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Accounting For Methane Emissions From Oil And Gas Wells

Scientists, regulators, and industry are working out how to detect and deal with sources that release the most gas

by Matt Davenport
January 5, 2015 | A version of this story appeared in Volume 93, Issue 1


Credit: Cockrell School of Engineering
Liquids from natural gas wells can contribute to methane emissions.

Not all oil and natural gas wells are equal. Some emit more methane than others. Much, much more.

Three studies, published in December 2014, underscored this issue. Researchers recorded the amount of methane escaping from active natural gas production sites and from abandoned oil and gas wells. In each, they found that a small percentage of wells emit the majority of the methane, a potent greenhouse gas.

Stifling the biggest emitters could substantially reduce how much methane escapes into the atmosphere.

But for companies and regulators to act on such research and curtail these emissions, they first need to identify the largest sources. Accounting for the wells and equipment leaking the most methane will likely require businesses to expand monitoring and improve record keeping. Some believe that regulators will need to impose stricter reporting rules.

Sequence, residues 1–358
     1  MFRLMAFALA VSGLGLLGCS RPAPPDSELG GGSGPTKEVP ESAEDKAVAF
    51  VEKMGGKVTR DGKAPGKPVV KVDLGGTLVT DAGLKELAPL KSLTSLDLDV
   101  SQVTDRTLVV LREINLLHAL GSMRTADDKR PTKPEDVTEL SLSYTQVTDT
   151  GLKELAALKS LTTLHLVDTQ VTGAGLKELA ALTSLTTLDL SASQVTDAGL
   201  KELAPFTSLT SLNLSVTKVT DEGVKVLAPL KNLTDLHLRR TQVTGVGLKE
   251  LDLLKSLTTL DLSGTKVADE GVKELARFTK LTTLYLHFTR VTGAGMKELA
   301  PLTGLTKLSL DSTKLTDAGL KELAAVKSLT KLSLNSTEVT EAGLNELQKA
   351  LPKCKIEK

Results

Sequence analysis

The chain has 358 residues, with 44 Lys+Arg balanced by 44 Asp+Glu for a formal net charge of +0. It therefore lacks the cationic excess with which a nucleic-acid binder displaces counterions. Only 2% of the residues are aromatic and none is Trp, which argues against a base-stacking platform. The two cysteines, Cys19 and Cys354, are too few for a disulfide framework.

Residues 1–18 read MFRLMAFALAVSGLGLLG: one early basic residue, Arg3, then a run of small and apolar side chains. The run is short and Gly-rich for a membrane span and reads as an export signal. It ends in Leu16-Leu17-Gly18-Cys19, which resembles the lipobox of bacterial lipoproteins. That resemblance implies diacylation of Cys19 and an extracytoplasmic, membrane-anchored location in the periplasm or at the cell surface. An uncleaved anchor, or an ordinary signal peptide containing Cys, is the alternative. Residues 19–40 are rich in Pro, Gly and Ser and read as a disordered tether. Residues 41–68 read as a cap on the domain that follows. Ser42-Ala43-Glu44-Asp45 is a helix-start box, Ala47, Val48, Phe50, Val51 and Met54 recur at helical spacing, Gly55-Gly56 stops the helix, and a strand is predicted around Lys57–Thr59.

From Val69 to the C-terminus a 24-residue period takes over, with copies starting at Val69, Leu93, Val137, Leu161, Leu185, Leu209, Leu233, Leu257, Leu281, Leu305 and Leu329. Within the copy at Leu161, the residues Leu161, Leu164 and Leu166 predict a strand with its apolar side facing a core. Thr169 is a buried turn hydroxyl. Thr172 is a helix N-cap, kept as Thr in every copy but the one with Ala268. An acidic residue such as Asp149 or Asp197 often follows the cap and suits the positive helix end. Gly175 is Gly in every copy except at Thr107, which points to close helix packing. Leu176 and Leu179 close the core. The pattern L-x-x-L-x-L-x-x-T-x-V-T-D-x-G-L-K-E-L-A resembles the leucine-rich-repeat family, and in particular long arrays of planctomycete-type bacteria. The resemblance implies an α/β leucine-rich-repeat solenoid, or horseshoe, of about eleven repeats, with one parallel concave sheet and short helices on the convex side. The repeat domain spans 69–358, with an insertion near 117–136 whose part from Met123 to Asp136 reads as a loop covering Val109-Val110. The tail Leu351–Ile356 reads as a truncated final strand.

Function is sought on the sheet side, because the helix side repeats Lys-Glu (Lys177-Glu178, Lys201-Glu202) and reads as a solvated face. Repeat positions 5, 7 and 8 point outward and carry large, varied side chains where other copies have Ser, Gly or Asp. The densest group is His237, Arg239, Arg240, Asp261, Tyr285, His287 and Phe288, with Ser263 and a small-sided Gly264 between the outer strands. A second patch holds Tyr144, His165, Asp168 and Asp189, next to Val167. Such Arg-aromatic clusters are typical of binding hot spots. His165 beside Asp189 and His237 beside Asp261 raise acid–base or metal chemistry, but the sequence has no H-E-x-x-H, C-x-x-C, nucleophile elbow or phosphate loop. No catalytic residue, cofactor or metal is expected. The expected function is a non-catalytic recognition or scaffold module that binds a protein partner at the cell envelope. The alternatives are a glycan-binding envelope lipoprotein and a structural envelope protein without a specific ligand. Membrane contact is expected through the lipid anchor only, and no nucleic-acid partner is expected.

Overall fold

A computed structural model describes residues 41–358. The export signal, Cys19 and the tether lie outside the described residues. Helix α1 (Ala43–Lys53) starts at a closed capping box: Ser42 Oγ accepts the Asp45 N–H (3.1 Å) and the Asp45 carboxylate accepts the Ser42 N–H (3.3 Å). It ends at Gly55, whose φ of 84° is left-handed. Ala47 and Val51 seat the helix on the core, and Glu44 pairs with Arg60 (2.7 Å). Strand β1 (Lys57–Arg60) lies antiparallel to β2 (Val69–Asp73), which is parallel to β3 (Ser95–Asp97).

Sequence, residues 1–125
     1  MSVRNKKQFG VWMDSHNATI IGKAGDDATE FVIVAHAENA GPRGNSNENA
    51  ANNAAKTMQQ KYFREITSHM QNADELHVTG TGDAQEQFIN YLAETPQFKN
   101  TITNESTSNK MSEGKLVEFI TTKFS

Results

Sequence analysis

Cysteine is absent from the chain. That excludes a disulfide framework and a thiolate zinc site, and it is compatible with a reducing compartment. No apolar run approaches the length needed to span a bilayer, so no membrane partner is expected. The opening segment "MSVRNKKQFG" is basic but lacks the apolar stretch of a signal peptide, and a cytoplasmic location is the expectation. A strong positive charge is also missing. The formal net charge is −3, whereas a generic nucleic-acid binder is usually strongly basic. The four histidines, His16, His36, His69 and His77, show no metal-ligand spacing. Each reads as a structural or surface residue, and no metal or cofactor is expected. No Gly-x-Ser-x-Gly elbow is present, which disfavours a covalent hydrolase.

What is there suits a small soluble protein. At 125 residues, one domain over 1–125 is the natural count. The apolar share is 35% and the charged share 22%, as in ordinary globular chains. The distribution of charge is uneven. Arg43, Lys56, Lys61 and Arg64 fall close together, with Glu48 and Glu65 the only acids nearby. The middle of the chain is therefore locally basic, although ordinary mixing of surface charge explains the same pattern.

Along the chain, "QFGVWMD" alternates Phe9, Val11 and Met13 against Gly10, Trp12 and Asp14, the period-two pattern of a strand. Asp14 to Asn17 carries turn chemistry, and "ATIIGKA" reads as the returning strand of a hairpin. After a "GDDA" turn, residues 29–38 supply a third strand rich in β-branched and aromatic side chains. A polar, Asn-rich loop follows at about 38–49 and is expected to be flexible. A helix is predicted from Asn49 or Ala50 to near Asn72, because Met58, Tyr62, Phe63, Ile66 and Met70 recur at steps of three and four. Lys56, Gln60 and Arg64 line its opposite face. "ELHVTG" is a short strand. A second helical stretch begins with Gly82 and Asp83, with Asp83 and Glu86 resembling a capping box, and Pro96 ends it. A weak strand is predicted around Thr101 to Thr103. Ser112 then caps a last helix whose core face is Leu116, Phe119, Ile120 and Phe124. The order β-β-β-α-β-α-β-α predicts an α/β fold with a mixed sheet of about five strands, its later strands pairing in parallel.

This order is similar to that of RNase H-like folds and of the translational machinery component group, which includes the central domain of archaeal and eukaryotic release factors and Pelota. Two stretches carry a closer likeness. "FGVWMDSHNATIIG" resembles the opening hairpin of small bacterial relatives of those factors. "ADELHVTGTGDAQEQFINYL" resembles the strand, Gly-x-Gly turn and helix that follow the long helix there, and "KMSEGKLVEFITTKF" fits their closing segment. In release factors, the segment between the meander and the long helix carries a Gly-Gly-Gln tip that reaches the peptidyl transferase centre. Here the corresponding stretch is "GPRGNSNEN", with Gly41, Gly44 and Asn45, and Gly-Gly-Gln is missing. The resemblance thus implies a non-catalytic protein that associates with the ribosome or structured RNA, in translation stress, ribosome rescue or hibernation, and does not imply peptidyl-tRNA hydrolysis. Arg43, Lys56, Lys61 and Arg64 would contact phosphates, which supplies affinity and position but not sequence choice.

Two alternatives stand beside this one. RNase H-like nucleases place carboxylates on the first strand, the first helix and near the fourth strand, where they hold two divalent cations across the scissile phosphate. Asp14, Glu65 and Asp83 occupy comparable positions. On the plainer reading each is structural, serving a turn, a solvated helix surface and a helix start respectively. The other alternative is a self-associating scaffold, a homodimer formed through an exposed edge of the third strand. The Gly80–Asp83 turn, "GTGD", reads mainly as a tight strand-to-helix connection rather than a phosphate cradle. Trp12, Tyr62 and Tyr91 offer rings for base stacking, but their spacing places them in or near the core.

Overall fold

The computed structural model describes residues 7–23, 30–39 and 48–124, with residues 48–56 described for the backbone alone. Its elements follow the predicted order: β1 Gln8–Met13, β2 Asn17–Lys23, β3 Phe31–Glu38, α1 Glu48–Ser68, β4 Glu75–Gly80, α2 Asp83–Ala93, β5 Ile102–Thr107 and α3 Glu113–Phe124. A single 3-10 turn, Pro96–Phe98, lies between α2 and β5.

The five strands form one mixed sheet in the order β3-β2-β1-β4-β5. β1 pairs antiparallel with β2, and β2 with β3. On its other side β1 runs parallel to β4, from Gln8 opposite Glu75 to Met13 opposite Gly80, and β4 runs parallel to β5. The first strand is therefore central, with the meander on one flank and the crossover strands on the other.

“It comes down to this: You can’t manage what you don’t measure and fix,” says Mark Brownstein, associate vice president of the Environmental Defense Fund (EDF), an environmental advocacy group. To cut releases of methane, equipment at many of the highest-emitting natural gas wells could be easily replaced or repaired, he argues. “It speaks to the importance of a policy that essentially requires the nation’s 6,000 oil and gas operators to measure emissions on a regular basis.”

Credit: Cockrell School of Engineering
Researchers measured methane emissions from pneumatic controllers, such as the one shown here.
Researchers install methane monitor at a natural gas well.
Credit: Cockrell School of Engineering
Researchers measured methane emissions from pneumatic controllers, such as the one shown here.

EPA is expected to announce a new strategy for methane emissions this month, but it’s unclear if that effort will address the issue raised in the recent studies. The agency tells C&EN it is committed to using the best available data to refine its methane emission estimates and control policies.

Some argue that more regulations are not warranted, however. Companies already have an economic incentive to keep track of emissions, says Howard J. Feldman, director of scientific and regulatory affairs for the American Petroleum Institute, an industry trade association.

Credit: Princeton University
Methane from abandoned wells, such as this one in Pennsylvania’s Allegheny National Forest, is not included in EPA estimates.
A filthy pipe filled with nasty goo pokes up out of a polluted pond.
Credit: Princeton University
Methane from abandoned wells, such as this one in Pennsylvania’s Allegheny National Forest, is not included in EPA estimates.